The alternative is that we should conclude that Messiah did appear about 2000 years ago before the destruction of the Temple.

 

There is also an ancient prophecy in Genesis in which Jacob blesses his sons and gives the most significant word not to his oldest son, Reuben, nor to his favourite son, Joseph, but to his fourth son, Judah:  1.  ‘The sceptre shall not depart from Judah, nor a lawgiver from between his feet until Shiloh come; and unto him shall the gathering of the people be.’ Genesis 49.10.

In this prophecy Jacob is saying that Judah would have rulership as happened through the line of kings descended from his descendant, David.  He also prophesied that through his line ‘Shiloh’ would come.  There are Jewish writings, which teach that ‘Shiloh’ is a term for the Messiah, for example this one from ‘Yalkut’, a collection of rabbinic explanations of the Bible:  ‘Until Shiloh shall come; He is called by the name of Shiloh because all the nations are destined to bring gifts to Israel and to King Messiah, as it is written, ‘In that day shall the present be brought to the Lord of hosts.’ Yalkut 160.

The sceptre in this verse is the Hebrew word ‘shebet’, the tribal staff which belonged to each tribe as an ensign of their authority. Thus the tribal identity of Judah would not pass away, as happened to other tribes, until Shiloh or Messiah comes. It was from the tribe of Judah that the line of kings descended from King David came. Even after the Babylonian captivity, Judah continued to have lawgivers (see Ezra 1.5 - 8).

In the early years of the Roman occupation of Judea, the Jewish people still had a king in their own land. Moreover they were to a large extent governed by their own laws, and the Sanhedrin exercised its authority. But in the span of a few years in around 11 CE, Archelaus, the king of the Jews was dethroned and banished. Coponius was appointed Roman Procurator, and the kingdom of Judea, the last remnant of the former nation of Israel, was formally debased into a province of Syria (see Josephus’ Antiquities 17, chapter 13.1-5).

At this time the Sanhedrin lost its power of passing the death sentence (see John 18.31). Rabbi Rachmon said, ‘When the members of the Sanhedrin found themselves deprived of their right over life and death, a general consternation took hold of them; they covered their heads and their bodies with sackcloth, exclaiming, ‘Woe unto us, for the sceptre has departed from Judah and the Messiah has not come.’’ (Talmud, Bab., Sanhedrim, Chapter 4, fol. 37, recto).  This would have been about the time that Jesus appeared in the Temple as a 12 year old boy (Luke 2.41-50).  The Messiah had come!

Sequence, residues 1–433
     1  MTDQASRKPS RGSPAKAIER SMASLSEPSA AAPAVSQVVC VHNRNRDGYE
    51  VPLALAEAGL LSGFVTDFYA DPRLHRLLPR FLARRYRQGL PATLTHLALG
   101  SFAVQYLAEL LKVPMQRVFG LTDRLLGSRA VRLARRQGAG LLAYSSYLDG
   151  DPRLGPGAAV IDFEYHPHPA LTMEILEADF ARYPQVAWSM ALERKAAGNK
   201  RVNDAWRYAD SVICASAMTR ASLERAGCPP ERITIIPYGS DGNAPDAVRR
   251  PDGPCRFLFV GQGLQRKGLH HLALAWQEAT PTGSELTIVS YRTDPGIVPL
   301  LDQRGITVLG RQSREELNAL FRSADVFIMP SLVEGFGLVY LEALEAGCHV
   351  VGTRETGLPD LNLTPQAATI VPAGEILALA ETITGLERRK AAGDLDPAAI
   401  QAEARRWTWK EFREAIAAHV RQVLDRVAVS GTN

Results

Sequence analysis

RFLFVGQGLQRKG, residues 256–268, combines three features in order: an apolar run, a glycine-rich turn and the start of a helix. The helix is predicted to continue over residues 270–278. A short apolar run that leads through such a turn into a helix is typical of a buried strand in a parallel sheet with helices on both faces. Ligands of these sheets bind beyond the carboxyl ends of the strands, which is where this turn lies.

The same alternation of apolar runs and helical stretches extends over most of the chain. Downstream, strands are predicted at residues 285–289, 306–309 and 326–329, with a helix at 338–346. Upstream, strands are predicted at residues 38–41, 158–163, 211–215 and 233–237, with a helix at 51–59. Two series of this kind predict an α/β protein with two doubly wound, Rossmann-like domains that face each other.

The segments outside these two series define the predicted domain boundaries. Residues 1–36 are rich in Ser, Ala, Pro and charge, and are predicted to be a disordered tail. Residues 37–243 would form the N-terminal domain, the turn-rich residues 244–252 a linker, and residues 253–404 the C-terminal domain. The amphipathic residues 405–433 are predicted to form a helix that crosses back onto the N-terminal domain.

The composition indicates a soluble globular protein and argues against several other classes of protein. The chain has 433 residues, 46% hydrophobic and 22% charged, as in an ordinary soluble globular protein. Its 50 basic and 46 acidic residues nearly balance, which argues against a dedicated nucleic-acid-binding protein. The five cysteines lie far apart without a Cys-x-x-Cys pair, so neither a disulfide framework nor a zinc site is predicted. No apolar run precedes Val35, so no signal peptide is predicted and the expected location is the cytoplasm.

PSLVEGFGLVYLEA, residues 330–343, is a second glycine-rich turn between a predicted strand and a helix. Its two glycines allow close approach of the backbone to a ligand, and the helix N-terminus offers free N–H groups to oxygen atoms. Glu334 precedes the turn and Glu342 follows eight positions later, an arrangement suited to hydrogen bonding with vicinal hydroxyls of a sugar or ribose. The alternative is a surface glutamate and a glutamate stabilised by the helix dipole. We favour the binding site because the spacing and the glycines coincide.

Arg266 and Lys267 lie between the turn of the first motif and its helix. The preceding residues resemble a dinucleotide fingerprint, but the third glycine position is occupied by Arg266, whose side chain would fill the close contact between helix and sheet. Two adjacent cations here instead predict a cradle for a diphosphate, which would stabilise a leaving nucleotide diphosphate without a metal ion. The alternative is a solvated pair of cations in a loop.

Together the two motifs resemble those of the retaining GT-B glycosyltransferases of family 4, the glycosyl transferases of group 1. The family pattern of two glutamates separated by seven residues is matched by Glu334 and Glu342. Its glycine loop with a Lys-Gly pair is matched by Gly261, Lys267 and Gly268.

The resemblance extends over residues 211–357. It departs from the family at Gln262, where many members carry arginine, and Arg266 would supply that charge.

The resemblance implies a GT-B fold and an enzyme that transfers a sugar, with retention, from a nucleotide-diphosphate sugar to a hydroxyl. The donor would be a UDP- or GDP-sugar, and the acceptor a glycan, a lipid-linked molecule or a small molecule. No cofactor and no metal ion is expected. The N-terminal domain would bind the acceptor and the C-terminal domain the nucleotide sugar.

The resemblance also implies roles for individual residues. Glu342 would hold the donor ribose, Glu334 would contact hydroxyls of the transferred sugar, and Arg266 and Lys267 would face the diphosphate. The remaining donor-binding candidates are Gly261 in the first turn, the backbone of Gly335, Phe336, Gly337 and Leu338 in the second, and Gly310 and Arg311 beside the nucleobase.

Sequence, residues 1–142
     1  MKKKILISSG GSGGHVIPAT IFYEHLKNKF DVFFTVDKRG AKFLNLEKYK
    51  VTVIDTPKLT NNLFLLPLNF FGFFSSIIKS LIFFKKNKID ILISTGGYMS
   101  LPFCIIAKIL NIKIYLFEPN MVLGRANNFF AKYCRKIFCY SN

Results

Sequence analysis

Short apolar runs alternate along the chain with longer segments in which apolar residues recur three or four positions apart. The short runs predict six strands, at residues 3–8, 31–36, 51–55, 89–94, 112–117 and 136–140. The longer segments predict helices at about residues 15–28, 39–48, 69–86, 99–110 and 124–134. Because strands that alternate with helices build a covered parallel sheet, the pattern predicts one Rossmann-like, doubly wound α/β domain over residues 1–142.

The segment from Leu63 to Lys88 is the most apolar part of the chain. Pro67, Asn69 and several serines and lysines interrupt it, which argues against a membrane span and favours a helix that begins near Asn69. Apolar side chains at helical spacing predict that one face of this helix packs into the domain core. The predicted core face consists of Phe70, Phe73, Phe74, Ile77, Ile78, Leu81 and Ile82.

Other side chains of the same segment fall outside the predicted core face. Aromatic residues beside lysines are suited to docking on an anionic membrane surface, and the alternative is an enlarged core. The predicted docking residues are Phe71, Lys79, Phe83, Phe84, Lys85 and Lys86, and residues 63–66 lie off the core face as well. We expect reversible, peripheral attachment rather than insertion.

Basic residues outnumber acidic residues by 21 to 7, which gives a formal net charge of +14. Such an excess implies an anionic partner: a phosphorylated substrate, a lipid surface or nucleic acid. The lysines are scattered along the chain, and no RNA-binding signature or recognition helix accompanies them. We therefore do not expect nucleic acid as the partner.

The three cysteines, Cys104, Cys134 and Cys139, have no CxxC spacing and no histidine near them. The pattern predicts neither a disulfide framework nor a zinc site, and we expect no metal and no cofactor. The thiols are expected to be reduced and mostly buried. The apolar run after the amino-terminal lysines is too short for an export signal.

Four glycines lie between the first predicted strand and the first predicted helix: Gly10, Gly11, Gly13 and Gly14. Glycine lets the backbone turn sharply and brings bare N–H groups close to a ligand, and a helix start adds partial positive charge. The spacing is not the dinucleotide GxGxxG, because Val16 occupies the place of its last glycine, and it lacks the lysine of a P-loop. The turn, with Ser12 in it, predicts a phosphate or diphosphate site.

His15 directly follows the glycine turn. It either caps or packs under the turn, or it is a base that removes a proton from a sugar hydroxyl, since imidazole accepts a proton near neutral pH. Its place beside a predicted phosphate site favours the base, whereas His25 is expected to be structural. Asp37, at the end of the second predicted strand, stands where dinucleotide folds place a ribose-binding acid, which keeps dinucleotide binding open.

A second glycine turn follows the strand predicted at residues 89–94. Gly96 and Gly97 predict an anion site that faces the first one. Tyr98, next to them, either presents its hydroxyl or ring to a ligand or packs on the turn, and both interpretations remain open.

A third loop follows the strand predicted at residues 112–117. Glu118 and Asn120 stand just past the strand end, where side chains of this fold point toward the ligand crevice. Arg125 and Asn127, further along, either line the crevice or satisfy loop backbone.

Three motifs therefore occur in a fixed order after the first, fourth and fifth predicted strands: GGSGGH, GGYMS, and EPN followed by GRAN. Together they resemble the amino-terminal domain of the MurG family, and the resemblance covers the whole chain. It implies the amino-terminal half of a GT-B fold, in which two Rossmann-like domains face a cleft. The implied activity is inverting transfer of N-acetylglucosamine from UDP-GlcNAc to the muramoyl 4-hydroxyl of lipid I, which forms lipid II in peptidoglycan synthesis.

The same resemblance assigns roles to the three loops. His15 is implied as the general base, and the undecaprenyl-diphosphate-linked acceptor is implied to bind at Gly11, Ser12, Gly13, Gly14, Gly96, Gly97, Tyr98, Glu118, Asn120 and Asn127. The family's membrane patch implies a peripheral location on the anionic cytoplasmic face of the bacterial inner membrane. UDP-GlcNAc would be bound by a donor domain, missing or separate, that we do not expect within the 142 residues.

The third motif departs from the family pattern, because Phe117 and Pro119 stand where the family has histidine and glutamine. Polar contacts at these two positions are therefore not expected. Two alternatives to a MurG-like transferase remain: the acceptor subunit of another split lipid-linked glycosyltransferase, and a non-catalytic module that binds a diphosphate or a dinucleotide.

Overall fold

For another half century the Jewish people retained the semblance of a provincial government structure, but in 70 AD all semblance of Jewish national sovereignty disappeared when Jerusalem and the Temple were destroyed by the armies of the Roman General Titus.

If Jesus is the Messiah, then the prophecy of Jacob way back in Genesis was fulfilled in a remarkable way.  The Messiah came before Judah lost its national identity, just as Jacob foretold.  He completed His mission 40 years before the destruction of the Second Temple, even giving a prophetic warning of that coming event in Luke 19.41-44.   

For all this to happen He had to be born at the right time.  At the beginning of this article we quoted Rashi who said the Messianic Age had not come ‘because our iniquities were many’.  Shaul (Paul) tells us that was why he did come!   To save us from our sins and make the way for God to forgive us and give us eternal life:  ‘You see, at just the right time, when we were still powerless, Messiah died for the ungodly.  Very rarely will anyone die for a righteous person, though for a good person someone might possibly dare to die. But God demonstrates his own love for us in this: while we were still sinners, Messiah died for us.  Since we have now been justified by his blood, how much more shall we be saved from God’s wrath through him!  For if, while we were God’s enemies, we were reconciled to him through the death of his Son, how much more, having been reconciled, shall we be saved through his life!  Not only is this so, but we also boast in God through our Lord Yeshua (Jesus) the Messiah, through whom we have now received reconciliation.’  Romans 5.6-11.

Jesus / Yeshua came around 2000 years ago, before the destruction of the Second Temple, to be cut off (die a violent death), not for himself (not for his own sins), but for the sins of others.  In doing this He fulfilled the prophecies of Messiah suffering as an atoning sacrifice for our sins:

 

‘Surely he took up our pain and bore our suffering, yet we considered him punished by God, stricken by him, and afflicted.  But he was pierced for our transgressions, he was crushed for our iniquities; the punishment that brought us peace was on him, and by his wounds we are healed.  We all, like sheep, have gone astray, each of us has turned to our own way; and the Lord has laid on him the iniquity of us all. (Isaiah 53.4-6)

 

Part 3.  The Virgin birth.

 

‘Therefore the Lord himself will give you a sign:  Behold the virgin shall conceive and bear a Son and shall call his name Immanuel.’  (Isaiah 7.14).

 

At a public debate on the issue ‘Was Jesus the Messiah?’ (London L’Chaim Society, 19/1/98), Rabbi Shmuley Boteach stated from the platform that any Christian claiming that Isaiah 7.14 is a prophecy of the virgin birth of Jesus is being intellectually dishonest.  This would have to include the Gospel of Matthew which quotes Isaiah 7.14 in connection with the birth of Jesus and states: ‘All this was done that it might be fulfilled which was spoken by the Lord through the prophet, saying, ‘Behold a virgin shall be with child, and bear a son and they shall call his name Immanuel,’ which is translated ‘God with us.’  (Matthew 1.22-23).   The Gospel of Luke stresses the virginity of Miriam (Mary) in its account of the conception of Jesus by the Holy Spirit (Luke 1.26-38).